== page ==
Photo: Cruz Vermelha Brasileira

Panama City/Geneva, 28 May – The International Federation of Red Cross and Red Crescent societies (IFRC) is warning that the pandemic is far from over in the Americas as cases continue to surge. The region has the highest incidence of COVID-19 cases per 100,000 population globally and has hit the highest peak of deaths since the beginning of the pandemic. 

The American continent currently has one of the highest daily death rates worldwide and in South America alone, more than one million people have lost their lives to COVID-19. This accounts for a third of the deaths worldwide. 

Newly confirmed cases in the region continue to rise; ten out of the fifteen countries reporting the highest number of COVID-19 cases worldwide are in Latin America and the Caribbean. Uruguay, Argentina and Costa Rica lead the list, followed by Trinidad & Tobago, Suriname, and Brazil, where the pandemic continues to spiral. 

Pedro Porrino, IFRC Emergency Health Coordinator in the Americas, said: 

Health systems are at real risk of imminent collapse in many countriessuch as Brazil, Argentina, and Uruguay, where cases and deaths are at the highest peak  since the beginning of the pandemic. Alarm bells are also ringing in Paraguay, Colombia, and Bolivia. 

What makes this situation even more concerning is the possibility of new, potentially more transmissible, or lethal, variants of the virus to emergeThe more transmission there is, the greater the risk that the virus will mutate and become resistant to existent vaccines, which should concern us all.” 

This surge reinforces the need for public health and livelihood protection measures should be maintained and reinforced to keep people safe, especially as the current availability of vaccines is insufficient and the pace of vaccination in most of the continent remains dangerously slow.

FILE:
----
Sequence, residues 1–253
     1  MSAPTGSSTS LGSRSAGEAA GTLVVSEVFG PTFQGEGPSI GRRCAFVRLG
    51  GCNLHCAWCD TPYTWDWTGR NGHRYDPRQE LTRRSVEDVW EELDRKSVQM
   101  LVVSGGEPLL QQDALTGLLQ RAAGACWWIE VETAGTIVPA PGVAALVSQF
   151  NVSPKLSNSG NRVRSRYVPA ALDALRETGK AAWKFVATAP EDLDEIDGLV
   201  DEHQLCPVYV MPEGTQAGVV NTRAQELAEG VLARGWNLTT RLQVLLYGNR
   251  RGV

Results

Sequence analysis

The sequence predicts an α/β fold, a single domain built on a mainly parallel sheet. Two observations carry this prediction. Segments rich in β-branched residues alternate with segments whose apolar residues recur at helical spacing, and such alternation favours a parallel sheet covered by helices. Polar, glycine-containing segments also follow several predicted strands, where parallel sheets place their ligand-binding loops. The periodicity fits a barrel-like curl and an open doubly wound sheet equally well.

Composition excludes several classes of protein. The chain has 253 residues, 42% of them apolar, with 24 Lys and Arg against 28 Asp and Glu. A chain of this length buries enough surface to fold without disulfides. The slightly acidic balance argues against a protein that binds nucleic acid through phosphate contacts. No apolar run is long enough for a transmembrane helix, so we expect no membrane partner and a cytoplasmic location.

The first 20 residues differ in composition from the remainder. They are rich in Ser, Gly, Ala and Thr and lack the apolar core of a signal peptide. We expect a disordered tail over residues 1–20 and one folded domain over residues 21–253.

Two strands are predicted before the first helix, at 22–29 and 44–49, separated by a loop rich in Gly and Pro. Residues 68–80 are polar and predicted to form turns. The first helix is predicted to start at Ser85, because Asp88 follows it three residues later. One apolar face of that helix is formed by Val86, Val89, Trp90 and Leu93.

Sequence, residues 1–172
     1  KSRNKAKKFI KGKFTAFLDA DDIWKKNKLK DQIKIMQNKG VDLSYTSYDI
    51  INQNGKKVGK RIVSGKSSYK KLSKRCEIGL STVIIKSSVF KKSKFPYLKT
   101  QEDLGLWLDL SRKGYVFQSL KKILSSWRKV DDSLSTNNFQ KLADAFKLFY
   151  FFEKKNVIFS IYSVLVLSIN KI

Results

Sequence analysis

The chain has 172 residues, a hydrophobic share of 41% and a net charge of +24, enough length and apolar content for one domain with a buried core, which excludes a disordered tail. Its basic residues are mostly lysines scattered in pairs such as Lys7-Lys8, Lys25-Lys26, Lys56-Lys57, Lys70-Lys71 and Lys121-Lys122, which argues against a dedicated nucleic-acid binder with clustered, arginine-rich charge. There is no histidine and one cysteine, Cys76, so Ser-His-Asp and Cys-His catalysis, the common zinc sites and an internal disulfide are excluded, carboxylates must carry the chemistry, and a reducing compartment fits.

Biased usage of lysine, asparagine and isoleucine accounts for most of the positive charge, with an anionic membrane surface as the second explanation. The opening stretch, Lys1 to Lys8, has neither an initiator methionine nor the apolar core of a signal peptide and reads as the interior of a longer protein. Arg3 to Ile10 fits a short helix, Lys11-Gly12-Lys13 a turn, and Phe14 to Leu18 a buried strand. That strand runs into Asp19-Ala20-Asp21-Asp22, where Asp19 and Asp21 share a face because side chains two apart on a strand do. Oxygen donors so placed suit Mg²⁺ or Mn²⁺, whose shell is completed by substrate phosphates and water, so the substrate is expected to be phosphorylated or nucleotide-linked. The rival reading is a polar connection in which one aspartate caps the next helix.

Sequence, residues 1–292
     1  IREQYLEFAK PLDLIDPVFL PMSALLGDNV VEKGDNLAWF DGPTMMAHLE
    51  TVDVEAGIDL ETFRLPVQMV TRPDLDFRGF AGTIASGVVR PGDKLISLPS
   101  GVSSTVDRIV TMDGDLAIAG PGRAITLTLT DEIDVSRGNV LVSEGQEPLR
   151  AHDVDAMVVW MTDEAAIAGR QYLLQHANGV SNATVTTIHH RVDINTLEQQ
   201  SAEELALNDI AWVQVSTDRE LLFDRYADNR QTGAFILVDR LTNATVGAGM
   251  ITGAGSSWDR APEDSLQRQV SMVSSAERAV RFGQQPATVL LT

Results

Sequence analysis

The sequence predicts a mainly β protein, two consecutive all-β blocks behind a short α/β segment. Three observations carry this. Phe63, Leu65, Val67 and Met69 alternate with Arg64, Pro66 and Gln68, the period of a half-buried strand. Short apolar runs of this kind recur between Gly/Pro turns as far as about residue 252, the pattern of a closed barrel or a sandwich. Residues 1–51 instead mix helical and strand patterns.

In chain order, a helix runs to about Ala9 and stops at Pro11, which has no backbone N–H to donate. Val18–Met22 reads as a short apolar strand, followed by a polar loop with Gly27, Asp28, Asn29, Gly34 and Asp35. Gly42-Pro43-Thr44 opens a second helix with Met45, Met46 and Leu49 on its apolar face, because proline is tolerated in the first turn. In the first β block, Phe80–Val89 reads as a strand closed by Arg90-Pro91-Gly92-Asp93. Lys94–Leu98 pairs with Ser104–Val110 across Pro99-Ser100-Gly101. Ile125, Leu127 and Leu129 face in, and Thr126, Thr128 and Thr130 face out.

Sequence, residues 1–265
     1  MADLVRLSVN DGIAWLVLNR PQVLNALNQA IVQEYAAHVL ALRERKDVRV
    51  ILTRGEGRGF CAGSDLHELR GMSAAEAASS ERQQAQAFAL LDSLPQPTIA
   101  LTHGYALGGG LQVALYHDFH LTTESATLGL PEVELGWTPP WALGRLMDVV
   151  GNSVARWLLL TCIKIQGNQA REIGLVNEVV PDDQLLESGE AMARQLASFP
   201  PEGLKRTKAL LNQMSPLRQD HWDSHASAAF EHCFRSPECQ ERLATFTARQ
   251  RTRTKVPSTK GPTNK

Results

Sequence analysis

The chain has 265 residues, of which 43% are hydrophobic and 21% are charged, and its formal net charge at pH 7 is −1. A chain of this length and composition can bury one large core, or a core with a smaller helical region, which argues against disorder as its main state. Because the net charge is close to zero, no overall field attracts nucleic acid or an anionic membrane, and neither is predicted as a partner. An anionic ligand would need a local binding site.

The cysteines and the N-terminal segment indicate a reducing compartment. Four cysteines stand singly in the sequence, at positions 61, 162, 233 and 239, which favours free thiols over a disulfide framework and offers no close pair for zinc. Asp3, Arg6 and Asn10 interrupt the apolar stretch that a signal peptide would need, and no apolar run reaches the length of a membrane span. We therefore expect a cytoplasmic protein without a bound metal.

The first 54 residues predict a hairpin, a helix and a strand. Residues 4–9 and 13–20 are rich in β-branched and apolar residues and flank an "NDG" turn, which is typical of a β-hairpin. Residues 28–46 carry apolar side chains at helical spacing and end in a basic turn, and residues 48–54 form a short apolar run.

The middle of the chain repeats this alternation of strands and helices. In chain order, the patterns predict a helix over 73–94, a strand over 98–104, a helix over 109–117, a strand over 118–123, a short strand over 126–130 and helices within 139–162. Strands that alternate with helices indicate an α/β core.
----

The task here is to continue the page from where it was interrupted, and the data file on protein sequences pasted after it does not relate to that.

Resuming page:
As the World Health Assembly comes to a close, the IFRC renews calls for extraordinary measures  to increase the production of vaccines and guarantee a better distribution of existing doses globally. 

Martha Keays, IFRC Regional Director in the Americas, said: 

Five months after the beginning of the vaccinations worldwide, less than two out of every thousand vaccines have been administered in the poorest countries in the AmericasLeaving the most vulnerable behind in vaccination processes is a moral and public health catastrophe. Millions of lives depend on the efforts to tackle the disparities among and within countries. 

All possible measures to boost vaccinations must be considered. This includes the temporary waiver of intellectual property protections for the vaccines, improving the transfer of technology, and ramping up of manufacturing and delivery capacity. Vaccine equity will not just happen. It needs to be engineered and planned for, starting right now.” 

To stop the transmission and broader access to vaccines, Red Cross National Societies across the region, supported by the IFRC, continue to be on the frontline of the COVID-19 response, supporting the national vaccination campaigns of their governments, to ensure that no one is left behind. 

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